“A lot of people are talking about who won the Superbowl,” said Matt Di Paola, Managing Director, Digital Innovation at SID LEE.
He’s not talking about the controversial passing play that effectively turned the Seattle Seahawks from comeback champions to what-were-they-thinking losers. Di Paola didn’t even watch the game on Sunday.
Matt Di Paola is Managing Director, Digital Innovation at SID LEE and Curator of The Creative Brain.
Di Paola is far more interested in the Superbowl ads. When an advertiser bets millions of dollars on 30 seconds of creative, and an agency stakes their reputation on it, it would be nice to know which ad was better than another.
The answer, however, is locked inside the brains of the audience, and advertisers need a better way of getting to it.
“We’re not asking people. The brain doesn’t lie.”
“Clients would always ask the question, ‘How is my creative performing?’” said Kevin Keane, co-founder at neural measurement technology company Brainsights.
Outside of Twitter reactions, advertisers rely on classic Mad Men practices like surveys and focus groups to find out if an ad achieved its goal of influencing consumer behaviour.
Keane knows that the flaws inherent in surveys and focus groups can lead to inaccurate results.
“There’s a whole bunch of research in consumer psychology and neuroscience and behavioural economics that’s actually saying this is a highly inappropriate way to be evaluating things that are meant to be driving an emotional response,” he said.
Together, Di Paola and Keane are bringing the content and technology to The Creative Brain show floor feature at Dx3 2015, available to all free and paid visitors.
The Creative Brain will use Dx3 visitors’ brains and electroencephalography (EEG) headsets to rate the emotional response of both Canadian and global ads that were aired during the Superbowl.
This will use Brainsights ACE (Attention, Connection, Encoding) rating system to evaluate the audience’s awareness, emotional response and memorability of each ad.
“If an ad forces you to pay attention to it, and then as a result, it drives that deeper connection and it encodes to memory quite a bit… you know that ad has performed well,” Keane said.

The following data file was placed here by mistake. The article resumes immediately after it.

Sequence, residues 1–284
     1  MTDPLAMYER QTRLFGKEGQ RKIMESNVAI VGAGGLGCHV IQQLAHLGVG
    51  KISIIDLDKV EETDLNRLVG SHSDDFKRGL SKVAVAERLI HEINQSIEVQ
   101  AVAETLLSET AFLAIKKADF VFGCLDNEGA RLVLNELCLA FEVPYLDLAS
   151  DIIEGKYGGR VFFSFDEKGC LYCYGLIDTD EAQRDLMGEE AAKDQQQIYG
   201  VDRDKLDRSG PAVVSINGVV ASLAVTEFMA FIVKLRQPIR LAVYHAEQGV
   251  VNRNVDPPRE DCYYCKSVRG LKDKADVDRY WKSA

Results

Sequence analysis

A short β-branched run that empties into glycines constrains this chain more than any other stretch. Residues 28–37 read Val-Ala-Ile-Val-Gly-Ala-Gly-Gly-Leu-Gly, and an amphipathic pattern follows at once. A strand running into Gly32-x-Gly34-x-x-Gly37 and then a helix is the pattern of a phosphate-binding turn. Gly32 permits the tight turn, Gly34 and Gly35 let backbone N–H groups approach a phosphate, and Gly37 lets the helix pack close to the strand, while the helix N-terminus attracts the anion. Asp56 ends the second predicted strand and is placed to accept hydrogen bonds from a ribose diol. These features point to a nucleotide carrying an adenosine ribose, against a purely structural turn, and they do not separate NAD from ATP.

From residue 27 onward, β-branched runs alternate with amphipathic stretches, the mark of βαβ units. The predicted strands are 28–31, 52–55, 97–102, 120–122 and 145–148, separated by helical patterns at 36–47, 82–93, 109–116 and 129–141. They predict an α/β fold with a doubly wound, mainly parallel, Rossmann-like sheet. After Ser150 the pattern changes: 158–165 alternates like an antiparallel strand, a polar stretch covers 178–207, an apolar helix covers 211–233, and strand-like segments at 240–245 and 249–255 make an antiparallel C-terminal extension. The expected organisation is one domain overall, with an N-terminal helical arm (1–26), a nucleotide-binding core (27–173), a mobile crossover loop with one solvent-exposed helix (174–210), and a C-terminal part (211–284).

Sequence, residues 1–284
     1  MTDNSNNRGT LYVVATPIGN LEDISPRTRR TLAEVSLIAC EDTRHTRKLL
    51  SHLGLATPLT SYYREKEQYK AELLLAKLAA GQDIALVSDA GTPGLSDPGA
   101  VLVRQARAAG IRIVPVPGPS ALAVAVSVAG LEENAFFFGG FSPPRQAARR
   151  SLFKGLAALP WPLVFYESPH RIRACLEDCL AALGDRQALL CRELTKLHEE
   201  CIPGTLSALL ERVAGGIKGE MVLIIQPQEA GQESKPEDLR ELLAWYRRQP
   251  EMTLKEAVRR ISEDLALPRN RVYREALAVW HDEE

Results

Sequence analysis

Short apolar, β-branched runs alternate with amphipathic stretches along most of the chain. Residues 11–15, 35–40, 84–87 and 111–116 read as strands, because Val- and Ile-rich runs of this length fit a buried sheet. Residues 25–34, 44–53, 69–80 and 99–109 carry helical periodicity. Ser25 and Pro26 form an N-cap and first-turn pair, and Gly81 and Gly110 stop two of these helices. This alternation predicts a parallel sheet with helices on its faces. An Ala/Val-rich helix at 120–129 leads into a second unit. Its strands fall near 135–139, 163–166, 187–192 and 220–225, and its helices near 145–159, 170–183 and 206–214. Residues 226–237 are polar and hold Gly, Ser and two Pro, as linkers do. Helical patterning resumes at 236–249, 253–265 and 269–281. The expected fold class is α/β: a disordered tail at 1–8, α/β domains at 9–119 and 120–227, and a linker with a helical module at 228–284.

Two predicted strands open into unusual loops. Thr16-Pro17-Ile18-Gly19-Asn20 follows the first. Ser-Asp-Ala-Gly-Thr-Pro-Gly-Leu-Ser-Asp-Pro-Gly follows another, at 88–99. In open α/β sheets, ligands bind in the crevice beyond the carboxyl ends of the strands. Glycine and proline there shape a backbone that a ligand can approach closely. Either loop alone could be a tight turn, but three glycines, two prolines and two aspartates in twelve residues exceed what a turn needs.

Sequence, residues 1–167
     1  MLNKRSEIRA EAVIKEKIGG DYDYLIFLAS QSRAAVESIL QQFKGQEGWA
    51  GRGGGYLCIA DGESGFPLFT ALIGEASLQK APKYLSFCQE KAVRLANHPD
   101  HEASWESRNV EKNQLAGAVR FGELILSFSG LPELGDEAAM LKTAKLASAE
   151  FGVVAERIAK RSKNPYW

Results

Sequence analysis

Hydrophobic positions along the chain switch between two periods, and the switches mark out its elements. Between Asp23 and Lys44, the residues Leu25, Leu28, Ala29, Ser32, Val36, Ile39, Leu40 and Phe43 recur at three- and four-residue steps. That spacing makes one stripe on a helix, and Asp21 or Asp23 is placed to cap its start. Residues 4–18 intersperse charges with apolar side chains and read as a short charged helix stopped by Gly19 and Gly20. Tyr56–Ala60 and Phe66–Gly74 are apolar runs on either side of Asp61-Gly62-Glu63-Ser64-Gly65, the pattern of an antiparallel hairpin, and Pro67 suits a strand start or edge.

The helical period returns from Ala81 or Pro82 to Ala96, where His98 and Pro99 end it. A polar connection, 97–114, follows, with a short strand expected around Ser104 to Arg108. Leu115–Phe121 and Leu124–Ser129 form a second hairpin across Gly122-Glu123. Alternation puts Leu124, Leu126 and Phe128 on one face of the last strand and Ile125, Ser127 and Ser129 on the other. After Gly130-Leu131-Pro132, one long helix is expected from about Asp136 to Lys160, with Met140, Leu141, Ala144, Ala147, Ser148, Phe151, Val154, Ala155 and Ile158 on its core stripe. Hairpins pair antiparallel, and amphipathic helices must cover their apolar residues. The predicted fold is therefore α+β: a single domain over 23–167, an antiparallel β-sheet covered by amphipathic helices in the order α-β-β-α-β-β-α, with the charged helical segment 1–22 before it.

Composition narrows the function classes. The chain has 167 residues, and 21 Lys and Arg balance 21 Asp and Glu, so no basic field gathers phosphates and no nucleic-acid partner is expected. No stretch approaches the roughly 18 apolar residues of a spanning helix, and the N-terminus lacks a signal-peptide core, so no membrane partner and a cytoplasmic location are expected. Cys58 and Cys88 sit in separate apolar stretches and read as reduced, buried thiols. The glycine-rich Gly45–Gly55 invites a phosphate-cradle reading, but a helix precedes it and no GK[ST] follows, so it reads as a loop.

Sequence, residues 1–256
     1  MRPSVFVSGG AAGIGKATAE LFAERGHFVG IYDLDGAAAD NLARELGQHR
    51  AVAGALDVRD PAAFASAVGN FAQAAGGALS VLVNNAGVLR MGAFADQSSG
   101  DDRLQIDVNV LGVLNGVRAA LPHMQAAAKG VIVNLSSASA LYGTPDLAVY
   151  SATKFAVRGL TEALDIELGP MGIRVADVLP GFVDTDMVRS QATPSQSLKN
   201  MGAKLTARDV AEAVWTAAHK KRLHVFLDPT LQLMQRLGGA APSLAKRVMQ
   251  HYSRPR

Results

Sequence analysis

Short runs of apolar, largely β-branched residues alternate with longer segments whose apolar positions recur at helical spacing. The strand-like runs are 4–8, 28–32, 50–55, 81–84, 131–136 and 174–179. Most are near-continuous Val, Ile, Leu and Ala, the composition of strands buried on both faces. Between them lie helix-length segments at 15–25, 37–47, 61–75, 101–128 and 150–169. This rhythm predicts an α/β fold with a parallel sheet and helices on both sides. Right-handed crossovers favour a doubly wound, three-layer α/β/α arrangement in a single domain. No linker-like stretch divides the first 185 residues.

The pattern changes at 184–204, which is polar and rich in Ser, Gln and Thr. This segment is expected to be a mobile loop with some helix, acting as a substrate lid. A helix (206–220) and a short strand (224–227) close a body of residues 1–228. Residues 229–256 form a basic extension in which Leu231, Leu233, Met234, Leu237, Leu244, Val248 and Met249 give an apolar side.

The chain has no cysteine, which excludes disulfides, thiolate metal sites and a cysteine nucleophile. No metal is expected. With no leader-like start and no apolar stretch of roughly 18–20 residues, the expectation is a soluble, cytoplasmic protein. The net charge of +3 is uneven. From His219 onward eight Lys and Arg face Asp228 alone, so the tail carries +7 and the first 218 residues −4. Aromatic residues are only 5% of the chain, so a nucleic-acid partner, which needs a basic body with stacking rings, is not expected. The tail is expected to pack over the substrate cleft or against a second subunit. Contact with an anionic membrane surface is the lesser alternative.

“In focus groups, people will answer what they think people want to hear.”
Unlike focus groups, these reactions come directly from the brain and are immune to social filtering. Keane enjoys the fact that EEG provides second-to-second feedback, evaluating the product reveal, pricing and feature messaging.
“When those messages or scenes and images are on screen, what’s the associated subconscious response?”
The EEG provides second-to-second feedback on not only the creative as a whole, but key structural components of the ad that memory may gloss over.
“In focus groups, people will answer what they think people want to hear, or what they think of themselves, versus how they are actually reacting,” Di Paola said. “There’s a lot of nuances in how our brains work that we aren’t even aware of. [EEG is] where more traditional focus group testing can be verified.”
Knowing the brain’s true reaction to ads is something that Di Paola and SID LEE, the creative brains behind the Toronto Raptors and Absolut Vodka, are intrigued by.
“We’re getting at the actual emotional drivers of advertising.”
“It is something that you’re curious and fearful of,” Di Paola said.
Keane is excited to reveal the underlying reactions that determine an ad’s effectiveness and ultimately increase a brand’s stature in consumers’ minds.
“We’re getting at the actual emotional drivers of advertising,” Keane said. “We’re not asking people. The brain doesn’t lie.”
The Creative Brain is open to all Dx3 2015 visitors on March 11 – 12 at the Metro Toronto Convention Centre.